Fall business can make a good year even better. Clients are looking to improve their properties before winter and will be more attentive to your proposals now that temperatures are moderating and they’re spending more time outdoors with their families and entertaining. It’s also the best time to line up business for the next season.
Step up contract renewals
Some contractors say they delay renewal discussions with clients until late in the year. I don’t think this is wise. It’s better to know in September or October if the clients plan on renewing with you rather than have them cancel or refuse to renew in December or January.
While client communication is important year-round, it is especially important in the weeks before you propose renewals. Maintaining contact with clients gives you a better chance of heading off bad situations in the weeks leading up to contract renewals.
Consider tree work
There are only two ways to increase business: adding services for existing clients or adding new clients. Often, slight changes in your operations can make a service you don’t currently offer possible.
Tree and shrub care services aren’t that different from each other, and tree care is profitable. You don’t need to invest in bucket trucks to do tree work; you just have to offer to do jobs you can complete safely and profitably. Be on the lookout for tree work, but be selective in what you do. Pick a manager you see as a potential leader and offer them job-specific training.
Get on your 2016 budget
Many large companies are putting together their 2016 budgets now. Some contractors say they want to delay budgeting until they’ve completed renewals. That’s the cautious approach. Are they being too cautious in today’s economy? Maybe.
Many of you can safely assume you will grow your companies in 2016, so why not begin factoring that into your plan now? If you are planning a 10 percent increase in business, why wait until January or February to enact plans for that? Set your goals and your budgeted revenue and identify what you have to do this fall to achieve those goals in 2016.
You could experience a flat year for one service and a 15 percent increase in another, based on realistic expectations. By knowing this in the early fall you’re more likely to reach your goals. Also, your banker will appreciate seeing your budget in the fall and hearing how you intend to meet or exceed your budget. Regardless of when you develop your budget, you should always be prepared to revise it as the year develops.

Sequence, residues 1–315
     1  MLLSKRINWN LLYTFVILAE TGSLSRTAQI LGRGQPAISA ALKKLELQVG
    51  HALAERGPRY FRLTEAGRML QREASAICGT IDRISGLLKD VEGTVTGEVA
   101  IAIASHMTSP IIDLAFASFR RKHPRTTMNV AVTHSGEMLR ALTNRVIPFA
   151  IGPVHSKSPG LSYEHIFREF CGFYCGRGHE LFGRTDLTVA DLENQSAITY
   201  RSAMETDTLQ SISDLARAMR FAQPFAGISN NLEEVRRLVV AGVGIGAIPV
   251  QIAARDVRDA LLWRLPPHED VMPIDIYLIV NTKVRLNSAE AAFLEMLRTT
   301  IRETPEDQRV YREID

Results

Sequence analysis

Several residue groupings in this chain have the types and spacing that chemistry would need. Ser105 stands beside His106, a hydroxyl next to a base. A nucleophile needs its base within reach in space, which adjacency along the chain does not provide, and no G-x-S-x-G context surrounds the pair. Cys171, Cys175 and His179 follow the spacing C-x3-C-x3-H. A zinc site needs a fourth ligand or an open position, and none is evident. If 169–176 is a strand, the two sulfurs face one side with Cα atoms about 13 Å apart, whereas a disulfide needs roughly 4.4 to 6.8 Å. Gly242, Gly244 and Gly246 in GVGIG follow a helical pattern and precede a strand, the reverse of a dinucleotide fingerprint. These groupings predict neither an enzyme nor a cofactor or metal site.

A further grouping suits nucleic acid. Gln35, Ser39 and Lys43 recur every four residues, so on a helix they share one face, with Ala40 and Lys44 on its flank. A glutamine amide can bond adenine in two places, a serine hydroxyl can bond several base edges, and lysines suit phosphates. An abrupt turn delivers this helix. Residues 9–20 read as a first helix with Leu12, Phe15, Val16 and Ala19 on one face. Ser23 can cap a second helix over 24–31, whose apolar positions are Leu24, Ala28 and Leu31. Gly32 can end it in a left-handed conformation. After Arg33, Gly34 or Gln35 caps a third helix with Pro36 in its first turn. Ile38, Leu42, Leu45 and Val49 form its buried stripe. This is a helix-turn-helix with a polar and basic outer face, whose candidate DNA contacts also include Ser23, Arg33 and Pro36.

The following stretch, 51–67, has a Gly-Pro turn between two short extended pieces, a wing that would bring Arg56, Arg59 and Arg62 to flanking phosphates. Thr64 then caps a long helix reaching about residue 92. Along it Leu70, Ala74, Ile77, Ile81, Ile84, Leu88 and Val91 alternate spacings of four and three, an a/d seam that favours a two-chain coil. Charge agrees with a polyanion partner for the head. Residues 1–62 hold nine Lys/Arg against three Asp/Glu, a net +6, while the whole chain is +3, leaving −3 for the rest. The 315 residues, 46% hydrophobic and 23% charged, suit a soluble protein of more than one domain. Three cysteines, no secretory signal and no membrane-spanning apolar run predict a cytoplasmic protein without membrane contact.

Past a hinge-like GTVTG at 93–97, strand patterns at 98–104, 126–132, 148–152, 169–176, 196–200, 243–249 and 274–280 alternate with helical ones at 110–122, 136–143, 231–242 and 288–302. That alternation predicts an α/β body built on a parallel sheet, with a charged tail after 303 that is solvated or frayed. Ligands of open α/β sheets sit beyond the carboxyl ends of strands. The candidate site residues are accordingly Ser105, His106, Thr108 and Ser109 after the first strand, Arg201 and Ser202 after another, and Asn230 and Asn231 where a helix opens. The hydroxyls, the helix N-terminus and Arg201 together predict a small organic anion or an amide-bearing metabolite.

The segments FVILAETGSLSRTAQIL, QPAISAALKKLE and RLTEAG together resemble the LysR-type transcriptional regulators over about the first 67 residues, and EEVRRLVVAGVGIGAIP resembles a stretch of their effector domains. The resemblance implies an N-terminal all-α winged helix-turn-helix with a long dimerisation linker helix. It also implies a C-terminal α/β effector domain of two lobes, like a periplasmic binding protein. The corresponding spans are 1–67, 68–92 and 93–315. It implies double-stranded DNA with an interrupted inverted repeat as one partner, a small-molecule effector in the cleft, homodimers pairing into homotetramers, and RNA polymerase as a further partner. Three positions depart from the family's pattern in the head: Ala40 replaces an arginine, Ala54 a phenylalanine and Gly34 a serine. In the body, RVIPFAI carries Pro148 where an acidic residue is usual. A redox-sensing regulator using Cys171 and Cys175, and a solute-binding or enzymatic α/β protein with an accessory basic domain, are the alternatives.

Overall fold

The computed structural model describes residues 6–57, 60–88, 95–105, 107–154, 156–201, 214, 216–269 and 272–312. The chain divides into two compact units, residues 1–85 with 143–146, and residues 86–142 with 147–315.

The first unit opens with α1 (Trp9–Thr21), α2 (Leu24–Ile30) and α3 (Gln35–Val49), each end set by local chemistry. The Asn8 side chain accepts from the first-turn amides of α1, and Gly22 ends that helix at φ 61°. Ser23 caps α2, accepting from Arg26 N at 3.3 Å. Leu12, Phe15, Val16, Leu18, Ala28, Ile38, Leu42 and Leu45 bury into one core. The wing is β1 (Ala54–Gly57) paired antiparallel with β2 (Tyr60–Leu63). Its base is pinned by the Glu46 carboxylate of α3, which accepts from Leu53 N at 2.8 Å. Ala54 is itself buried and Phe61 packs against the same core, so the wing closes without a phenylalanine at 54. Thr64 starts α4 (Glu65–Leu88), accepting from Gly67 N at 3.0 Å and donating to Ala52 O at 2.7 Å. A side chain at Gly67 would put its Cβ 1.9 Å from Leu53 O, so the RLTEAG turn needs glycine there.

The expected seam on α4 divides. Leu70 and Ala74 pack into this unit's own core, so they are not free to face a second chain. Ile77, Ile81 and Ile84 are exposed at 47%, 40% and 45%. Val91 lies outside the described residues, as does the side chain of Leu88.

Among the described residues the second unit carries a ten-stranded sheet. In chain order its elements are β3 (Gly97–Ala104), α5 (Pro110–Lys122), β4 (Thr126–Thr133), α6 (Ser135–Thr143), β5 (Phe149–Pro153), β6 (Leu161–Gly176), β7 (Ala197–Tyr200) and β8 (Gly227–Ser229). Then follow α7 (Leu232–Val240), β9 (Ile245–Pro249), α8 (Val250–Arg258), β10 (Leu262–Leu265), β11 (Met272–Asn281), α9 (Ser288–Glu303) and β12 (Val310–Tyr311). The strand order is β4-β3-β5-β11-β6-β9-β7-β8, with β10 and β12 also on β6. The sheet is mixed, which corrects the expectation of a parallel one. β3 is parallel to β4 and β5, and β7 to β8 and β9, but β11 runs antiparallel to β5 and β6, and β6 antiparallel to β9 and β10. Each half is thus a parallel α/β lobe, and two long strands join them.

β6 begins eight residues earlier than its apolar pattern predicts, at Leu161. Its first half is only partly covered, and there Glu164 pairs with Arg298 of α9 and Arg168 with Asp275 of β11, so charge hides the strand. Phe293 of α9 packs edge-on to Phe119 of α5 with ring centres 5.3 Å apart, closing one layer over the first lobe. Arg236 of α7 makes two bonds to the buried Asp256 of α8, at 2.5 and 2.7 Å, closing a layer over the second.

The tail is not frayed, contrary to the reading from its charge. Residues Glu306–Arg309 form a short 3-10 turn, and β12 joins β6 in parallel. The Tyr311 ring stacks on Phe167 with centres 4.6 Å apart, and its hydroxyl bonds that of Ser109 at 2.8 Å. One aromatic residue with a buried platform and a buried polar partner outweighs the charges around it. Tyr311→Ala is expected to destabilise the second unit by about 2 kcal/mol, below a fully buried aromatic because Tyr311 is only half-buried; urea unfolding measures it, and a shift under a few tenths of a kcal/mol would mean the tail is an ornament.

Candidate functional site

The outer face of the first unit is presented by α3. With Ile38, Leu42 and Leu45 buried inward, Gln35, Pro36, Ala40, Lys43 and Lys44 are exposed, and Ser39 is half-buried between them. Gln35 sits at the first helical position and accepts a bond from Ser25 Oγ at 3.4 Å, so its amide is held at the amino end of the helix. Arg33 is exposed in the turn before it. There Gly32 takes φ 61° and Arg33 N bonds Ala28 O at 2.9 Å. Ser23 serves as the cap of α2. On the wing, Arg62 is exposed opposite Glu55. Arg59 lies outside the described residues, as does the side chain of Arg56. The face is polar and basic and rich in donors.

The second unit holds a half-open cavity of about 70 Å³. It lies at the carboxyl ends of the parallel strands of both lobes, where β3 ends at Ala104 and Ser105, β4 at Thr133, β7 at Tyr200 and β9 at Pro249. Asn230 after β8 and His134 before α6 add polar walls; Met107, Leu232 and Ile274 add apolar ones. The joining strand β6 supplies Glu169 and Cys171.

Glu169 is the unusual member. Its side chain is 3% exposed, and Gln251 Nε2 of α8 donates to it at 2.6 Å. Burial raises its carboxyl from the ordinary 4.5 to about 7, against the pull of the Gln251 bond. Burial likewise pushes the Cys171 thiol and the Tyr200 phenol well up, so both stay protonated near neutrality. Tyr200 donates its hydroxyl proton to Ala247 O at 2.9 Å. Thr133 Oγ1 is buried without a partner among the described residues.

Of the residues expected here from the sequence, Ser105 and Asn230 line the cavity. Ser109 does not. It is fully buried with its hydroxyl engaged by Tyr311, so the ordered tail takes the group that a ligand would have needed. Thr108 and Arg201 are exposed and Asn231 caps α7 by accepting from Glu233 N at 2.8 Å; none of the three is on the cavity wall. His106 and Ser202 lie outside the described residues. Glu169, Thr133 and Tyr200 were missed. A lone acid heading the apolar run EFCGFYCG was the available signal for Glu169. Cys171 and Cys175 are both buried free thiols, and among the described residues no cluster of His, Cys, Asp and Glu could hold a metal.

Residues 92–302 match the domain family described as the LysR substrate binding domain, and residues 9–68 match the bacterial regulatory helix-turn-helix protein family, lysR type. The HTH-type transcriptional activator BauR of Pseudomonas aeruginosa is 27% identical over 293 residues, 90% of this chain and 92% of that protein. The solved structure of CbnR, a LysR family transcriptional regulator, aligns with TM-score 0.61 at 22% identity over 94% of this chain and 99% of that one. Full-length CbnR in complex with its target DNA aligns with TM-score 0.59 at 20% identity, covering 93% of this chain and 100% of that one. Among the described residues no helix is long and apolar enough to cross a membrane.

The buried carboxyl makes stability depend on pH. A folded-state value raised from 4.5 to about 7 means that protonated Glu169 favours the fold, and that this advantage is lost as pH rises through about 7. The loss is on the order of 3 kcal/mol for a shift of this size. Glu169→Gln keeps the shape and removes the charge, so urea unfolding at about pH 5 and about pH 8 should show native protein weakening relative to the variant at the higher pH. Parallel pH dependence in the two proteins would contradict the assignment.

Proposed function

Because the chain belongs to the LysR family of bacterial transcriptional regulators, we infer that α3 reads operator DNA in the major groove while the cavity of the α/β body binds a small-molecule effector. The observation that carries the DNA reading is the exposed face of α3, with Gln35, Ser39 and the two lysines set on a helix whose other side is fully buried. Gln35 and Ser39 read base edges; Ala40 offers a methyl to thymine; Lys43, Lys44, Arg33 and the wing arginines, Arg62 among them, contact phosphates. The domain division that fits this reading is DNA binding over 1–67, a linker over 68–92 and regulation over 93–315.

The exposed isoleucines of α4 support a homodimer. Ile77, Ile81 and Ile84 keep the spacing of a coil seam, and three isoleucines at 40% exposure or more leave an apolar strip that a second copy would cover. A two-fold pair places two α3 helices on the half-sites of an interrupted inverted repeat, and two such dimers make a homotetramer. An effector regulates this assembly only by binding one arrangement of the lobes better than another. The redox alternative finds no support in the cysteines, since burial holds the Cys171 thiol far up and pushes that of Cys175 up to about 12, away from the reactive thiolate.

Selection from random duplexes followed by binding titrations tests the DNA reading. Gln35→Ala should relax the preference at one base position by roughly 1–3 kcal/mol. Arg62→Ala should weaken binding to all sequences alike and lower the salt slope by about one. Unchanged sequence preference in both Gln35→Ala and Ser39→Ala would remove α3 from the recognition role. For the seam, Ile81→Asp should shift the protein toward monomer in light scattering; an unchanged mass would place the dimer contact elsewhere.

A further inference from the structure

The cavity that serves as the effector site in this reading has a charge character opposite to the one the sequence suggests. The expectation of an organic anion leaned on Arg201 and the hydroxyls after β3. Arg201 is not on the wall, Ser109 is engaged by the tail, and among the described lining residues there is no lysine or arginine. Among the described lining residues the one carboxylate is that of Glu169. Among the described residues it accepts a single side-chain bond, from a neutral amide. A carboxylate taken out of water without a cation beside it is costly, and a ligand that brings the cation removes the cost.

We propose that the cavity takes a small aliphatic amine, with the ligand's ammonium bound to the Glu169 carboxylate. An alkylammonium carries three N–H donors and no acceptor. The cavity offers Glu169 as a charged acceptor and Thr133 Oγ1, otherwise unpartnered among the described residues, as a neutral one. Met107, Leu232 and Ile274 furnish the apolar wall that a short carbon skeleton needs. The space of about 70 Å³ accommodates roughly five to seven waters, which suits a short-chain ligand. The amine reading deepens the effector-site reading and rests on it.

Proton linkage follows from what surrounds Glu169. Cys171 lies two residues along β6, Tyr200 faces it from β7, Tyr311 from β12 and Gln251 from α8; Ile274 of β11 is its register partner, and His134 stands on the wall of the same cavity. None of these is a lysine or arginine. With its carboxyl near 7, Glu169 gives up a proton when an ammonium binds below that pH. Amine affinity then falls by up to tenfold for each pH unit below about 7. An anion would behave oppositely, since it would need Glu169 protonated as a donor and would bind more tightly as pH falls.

Safety saves money
Too many contractors don’t give employee safety the appreciation it deserves. Regardless of your company’s size or services, maintaining a safe work environment is just plain smart business. What you do this fall in terms of safety training can reduce your insurance expenses for next year.
Start by making a safety director part of your management team. Then partner with your insurance carrier or agent in reducing accident potentials and reducing coverage costs. Ask your agent about the Mod Master Report and learn all you can about providing a safe work place. Know your ERM and plan to get it down below a 1 rating next year to reduce your workers’ compensation costs.
The National Association of Landscape Professionals (NALP) has scheduled a four-hour OSHA-approved safety workshop on Oct. 22 in Louisville, Kentucky, at LANDSCAPES (formerly known as the GIC). Attendees will receive a certificate.
Another NALP safety program is the STARS Safe Company Program. STARS is a safety initiative designed for companies to set the precedent for safety in the landscape industry. For information on the NALP Safety Workshop or Stars Safe Company Program visit www.landscapeprofessionals.org.